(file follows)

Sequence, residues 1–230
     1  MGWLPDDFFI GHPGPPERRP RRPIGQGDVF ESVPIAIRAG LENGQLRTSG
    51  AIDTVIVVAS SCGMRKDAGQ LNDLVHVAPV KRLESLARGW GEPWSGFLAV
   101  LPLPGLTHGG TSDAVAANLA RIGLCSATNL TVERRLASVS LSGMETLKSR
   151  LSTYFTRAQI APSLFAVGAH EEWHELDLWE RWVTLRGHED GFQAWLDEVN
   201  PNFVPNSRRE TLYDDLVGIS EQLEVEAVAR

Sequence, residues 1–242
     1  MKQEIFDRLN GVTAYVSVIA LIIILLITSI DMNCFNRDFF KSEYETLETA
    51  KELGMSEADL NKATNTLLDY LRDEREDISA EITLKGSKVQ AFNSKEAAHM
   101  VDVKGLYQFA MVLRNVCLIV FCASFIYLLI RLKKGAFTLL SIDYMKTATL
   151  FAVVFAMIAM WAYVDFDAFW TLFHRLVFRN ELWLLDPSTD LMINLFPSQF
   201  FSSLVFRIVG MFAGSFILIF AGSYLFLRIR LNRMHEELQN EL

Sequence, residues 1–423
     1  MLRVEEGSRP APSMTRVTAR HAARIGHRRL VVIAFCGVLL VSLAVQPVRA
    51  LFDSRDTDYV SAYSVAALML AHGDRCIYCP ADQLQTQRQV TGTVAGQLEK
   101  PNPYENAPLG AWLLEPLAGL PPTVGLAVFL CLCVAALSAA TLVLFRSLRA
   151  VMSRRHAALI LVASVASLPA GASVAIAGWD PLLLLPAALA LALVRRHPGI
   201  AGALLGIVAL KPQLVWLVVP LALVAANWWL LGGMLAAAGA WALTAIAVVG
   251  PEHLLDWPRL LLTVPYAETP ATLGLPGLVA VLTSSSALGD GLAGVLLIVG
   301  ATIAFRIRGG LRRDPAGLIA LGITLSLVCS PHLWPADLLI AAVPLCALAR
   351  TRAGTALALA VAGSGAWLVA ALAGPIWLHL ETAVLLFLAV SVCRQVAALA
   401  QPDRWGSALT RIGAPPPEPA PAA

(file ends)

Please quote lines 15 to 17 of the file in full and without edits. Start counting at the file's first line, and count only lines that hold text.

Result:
    51  LFDSRDTDYV SAYSVAALML AHGDRCIYCP ADQLQTQRQV TGTVAGQLEK
   101  PNPYENAPLG AWLLEPLAGL PPTVGLAVFL CLCVAALSAA TLVLFRSLRA
   151  VMSRRHAALI LVASVASLPA GASVAIAGWD PLLLLPAALA LALVRRHPGI